The real March Madness begins today, while Hulu's Best in Show competition has already moved into its second round, with me once again serving as guest judge.

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<p>The &quot;Happy Endings&quot;&nbsp;gang flashes back to one of many Penny birthdays gone awry.</p>

The "Happy Endings" gang flashes back to one of many Penny birthdays gone awry.

Credit: ABC

'Happy Endings' - 'Party of Six': Reverse the curse!

The gang celebrates Penny's birthday in a series highlight

A quick review of last night's "Happy Endings" coming up just as soon as I make a straw harpoon...

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<p>&quot;Community&quot;&nbsp;friends Troy (Donald Glover)&nbsp;and Abed (Danny Pudi)&nbsp;aren't always so good at being normal.</p>

"Community" friends Troy (Donald Glover) and Abed (Danny Pudi) aren't always so good at being normal.

Credit: NBC

Review: 'Community' tries to be 'normal' in its return from hiatus

Fortunately, things at Greendale are as crazy and funny as ever
After a long mid-season hiatus, "Community" returns to NBC's lineup tonight at 8 with an episode that's almost aggressively normal.
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<p>A scene from &quot;Brooklyn&nbsp;Castle&quot;</p>

A scene from "Brooklyn Castle"

Credit: Rescued Media

SXSW: 'Brooklyn Castle' ranks among the top tier of this year's fest

Newly tapped for a Rudin remake, Kate Dellamaggiore's doc rises above similar terrain and inspires

AUSTIN, Texas - On Monday at a SXSW screening here, director Katie Dellamaggiore announced that Sony Pictures and producer Scott Rudin purchased the remake rights to “Brooklyn Castle,” her documentary about a group of New York schoolkids that compete regularly in national chess tournaments. This of course is but the latest doc set to be remade by Hollywood, but it’s hard to imagine a fiction film doing justice to the complexity and utter humanness of Dellamaggiore’s version.

The film uses school chess programs to evidence both the neglect legislators show towards education when time comes to cutting checks, and yet the remarkable impact that programs like these can have on the lives of the children who participate in them. A truly inspiring story, “Brooklyn Castle” ranks among the first tier of SXSW’s 2012 films, and deserves a place among documentaries like “Rize,” “Resolved” and “Spellbound” that choose to emphasize substance over sensationalism in their depiction of kids who are sadly often looked at as statistics.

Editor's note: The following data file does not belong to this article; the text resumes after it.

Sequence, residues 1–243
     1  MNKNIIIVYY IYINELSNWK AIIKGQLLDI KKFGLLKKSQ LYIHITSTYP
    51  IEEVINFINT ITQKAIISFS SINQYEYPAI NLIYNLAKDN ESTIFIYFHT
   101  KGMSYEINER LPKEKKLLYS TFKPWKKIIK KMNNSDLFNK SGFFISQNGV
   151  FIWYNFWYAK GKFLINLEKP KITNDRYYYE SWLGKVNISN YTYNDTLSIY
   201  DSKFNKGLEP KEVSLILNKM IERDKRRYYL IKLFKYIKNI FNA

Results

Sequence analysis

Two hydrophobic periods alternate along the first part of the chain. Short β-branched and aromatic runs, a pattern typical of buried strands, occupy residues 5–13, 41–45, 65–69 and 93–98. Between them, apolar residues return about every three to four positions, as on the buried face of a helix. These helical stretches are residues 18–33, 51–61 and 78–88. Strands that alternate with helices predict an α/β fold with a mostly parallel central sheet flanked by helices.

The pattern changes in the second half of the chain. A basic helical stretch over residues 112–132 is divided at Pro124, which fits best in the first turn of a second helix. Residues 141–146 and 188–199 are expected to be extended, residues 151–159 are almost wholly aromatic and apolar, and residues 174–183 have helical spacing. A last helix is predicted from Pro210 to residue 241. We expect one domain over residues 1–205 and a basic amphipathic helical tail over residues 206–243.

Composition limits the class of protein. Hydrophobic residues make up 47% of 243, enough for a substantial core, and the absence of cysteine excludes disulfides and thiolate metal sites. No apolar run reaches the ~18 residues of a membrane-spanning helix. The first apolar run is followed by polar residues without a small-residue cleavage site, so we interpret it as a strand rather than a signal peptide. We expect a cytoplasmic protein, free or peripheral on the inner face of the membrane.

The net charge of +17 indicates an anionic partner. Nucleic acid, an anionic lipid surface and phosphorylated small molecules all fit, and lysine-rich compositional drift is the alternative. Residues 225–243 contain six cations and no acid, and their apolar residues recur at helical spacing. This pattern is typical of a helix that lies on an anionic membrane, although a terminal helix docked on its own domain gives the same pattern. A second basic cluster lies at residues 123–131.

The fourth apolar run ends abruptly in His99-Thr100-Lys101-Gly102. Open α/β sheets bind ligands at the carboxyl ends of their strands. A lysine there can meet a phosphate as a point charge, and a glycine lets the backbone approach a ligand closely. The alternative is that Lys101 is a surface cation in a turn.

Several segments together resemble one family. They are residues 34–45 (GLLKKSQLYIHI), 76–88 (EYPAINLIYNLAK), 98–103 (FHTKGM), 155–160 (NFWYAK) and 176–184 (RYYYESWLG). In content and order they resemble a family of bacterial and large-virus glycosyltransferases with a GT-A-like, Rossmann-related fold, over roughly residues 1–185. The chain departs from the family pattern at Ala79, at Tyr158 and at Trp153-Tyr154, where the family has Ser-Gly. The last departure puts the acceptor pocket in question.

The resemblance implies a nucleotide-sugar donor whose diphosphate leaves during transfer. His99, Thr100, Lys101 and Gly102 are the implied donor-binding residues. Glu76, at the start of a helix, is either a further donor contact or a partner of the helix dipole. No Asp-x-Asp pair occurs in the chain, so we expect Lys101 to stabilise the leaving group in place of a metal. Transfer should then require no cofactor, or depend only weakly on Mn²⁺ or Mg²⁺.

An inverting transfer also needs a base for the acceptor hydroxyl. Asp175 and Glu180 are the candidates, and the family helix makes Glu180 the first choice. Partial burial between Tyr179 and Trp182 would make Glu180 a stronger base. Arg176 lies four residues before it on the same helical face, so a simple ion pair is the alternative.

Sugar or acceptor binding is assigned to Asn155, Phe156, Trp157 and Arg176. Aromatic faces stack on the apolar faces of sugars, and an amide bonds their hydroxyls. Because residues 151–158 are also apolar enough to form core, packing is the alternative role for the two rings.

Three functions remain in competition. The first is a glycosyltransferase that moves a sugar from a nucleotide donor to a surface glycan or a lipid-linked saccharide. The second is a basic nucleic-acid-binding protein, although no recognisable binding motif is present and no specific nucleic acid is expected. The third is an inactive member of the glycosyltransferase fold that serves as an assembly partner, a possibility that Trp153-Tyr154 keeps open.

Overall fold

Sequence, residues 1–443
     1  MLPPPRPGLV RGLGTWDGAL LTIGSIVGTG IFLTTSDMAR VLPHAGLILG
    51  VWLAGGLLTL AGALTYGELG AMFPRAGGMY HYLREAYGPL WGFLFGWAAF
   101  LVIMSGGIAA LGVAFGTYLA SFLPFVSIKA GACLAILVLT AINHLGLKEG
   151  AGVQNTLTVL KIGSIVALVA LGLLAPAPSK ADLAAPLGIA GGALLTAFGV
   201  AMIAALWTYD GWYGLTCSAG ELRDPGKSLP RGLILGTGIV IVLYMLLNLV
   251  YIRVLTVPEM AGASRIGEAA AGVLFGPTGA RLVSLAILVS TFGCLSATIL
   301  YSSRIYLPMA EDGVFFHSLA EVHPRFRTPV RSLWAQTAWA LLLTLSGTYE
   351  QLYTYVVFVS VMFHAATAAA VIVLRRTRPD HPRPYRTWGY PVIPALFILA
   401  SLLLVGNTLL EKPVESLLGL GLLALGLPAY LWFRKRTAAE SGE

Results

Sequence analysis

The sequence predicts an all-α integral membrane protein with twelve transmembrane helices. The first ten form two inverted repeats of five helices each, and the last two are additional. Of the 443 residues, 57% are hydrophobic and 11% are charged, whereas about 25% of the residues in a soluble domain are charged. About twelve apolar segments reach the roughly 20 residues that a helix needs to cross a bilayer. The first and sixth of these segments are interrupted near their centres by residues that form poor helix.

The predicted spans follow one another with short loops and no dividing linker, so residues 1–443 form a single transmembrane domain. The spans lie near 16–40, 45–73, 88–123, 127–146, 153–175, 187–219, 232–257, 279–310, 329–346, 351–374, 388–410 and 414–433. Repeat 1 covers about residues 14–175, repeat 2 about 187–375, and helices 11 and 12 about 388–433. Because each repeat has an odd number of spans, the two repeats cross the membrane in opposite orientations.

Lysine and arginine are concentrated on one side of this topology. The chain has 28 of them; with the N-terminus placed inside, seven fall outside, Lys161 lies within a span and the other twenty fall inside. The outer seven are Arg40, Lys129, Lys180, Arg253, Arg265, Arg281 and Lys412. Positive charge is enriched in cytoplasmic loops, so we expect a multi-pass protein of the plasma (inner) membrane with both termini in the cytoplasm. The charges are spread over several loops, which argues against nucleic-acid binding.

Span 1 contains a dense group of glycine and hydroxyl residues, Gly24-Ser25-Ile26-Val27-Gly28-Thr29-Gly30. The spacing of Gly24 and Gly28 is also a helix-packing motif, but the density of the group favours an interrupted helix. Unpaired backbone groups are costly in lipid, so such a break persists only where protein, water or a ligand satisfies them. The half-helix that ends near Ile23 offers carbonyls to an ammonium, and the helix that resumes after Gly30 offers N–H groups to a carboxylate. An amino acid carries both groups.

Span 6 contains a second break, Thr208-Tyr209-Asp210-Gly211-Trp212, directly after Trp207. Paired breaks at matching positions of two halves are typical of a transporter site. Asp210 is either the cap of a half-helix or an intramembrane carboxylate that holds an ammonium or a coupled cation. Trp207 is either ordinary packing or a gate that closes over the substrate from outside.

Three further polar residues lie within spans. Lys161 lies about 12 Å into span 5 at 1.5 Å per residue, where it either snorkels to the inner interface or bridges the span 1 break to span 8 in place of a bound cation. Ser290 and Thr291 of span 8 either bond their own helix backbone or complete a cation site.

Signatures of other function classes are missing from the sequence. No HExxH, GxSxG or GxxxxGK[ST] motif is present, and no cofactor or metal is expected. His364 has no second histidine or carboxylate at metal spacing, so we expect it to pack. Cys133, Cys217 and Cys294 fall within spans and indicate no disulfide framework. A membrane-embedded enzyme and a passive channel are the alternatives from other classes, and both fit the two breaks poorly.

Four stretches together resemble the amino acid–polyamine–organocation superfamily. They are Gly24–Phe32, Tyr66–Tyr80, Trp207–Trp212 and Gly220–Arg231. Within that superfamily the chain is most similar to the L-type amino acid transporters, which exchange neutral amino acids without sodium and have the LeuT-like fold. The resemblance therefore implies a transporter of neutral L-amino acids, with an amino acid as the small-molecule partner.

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The Flaming Lips' musical 'Yoshimi' sets late fall premiere

Join the robots at La Jolla Playhouse

The Flaming Lips’ new musical, “Yoshimi Battles the Pink Robots,” based on the 2002 album of the same name, is coming to theaters. The musical will bow this fall at the prestigious La Jolla (Calif.)  Playhouse.

Des McAnuff, who has directed such plays as “Jersey Boys” and the current Broadway revival of “Jesus Christ Superstar,” will helm the production, according to the Los Angeles Times. The newspaper notes that screen writer Aaron Sorkin, who was previously connected with the project, which has been in the works for five years, is no longer associated with it.

Like Green Day’s “American Idiot,” “Yoshimi,” which chronicles the adventures of a female Japanese artist who ventures into the world of robots, includes the songs from the titular album, but also includes tunes from other Flaming Lips albums.

Look for a November or December premiere.
 

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<p>Ashley Judd of &quot;Missing&quot;</p>
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Ashley Judd of "Missing"

Credit: ABC

HitFix Interview: Ashley Judd talks ABC's 'Missing'